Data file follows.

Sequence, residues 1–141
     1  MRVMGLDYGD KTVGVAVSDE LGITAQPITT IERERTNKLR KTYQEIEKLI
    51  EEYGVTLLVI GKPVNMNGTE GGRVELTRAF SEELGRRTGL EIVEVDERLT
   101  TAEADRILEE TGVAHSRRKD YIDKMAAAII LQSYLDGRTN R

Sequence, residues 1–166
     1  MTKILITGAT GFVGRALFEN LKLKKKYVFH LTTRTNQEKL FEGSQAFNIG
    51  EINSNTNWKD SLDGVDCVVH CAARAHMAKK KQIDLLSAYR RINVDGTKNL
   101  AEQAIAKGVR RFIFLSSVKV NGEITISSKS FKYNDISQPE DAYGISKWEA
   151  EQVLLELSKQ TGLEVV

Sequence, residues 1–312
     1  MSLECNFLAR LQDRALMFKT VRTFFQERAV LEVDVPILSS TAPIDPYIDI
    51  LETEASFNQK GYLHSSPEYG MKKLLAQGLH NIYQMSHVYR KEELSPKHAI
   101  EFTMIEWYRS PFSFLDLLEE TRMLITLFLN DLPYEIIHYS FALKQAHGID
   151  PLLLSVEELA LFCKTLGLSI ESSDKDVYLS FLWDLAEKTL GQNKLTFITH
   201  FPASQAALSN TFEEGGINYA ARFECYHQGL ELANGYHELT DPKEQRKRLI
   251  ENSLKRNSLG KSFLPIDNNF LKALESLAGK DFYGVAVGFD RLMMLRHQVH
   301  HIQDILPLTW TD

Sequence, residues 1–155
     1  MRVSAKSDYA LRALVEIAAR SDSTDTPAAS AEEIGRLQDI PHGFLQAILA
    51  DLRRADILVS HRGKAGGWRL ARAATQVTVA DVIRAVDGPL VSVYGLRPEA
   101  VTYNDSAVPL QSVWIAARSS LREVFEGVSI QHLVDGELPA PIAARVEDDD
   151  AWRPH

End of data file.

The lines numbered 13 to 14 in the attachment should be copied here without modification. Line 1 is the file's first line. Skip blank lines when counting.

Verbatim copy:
   101  EFTMIEWYRS PFSFLDLLEE TRMLITLFLN DLPYEIIHYS FALKQAHGID
   151  PLLLSVEELA LFCKTLGLSI ESSDKDVYLS FLWDLAEKTL GQNKLTFITH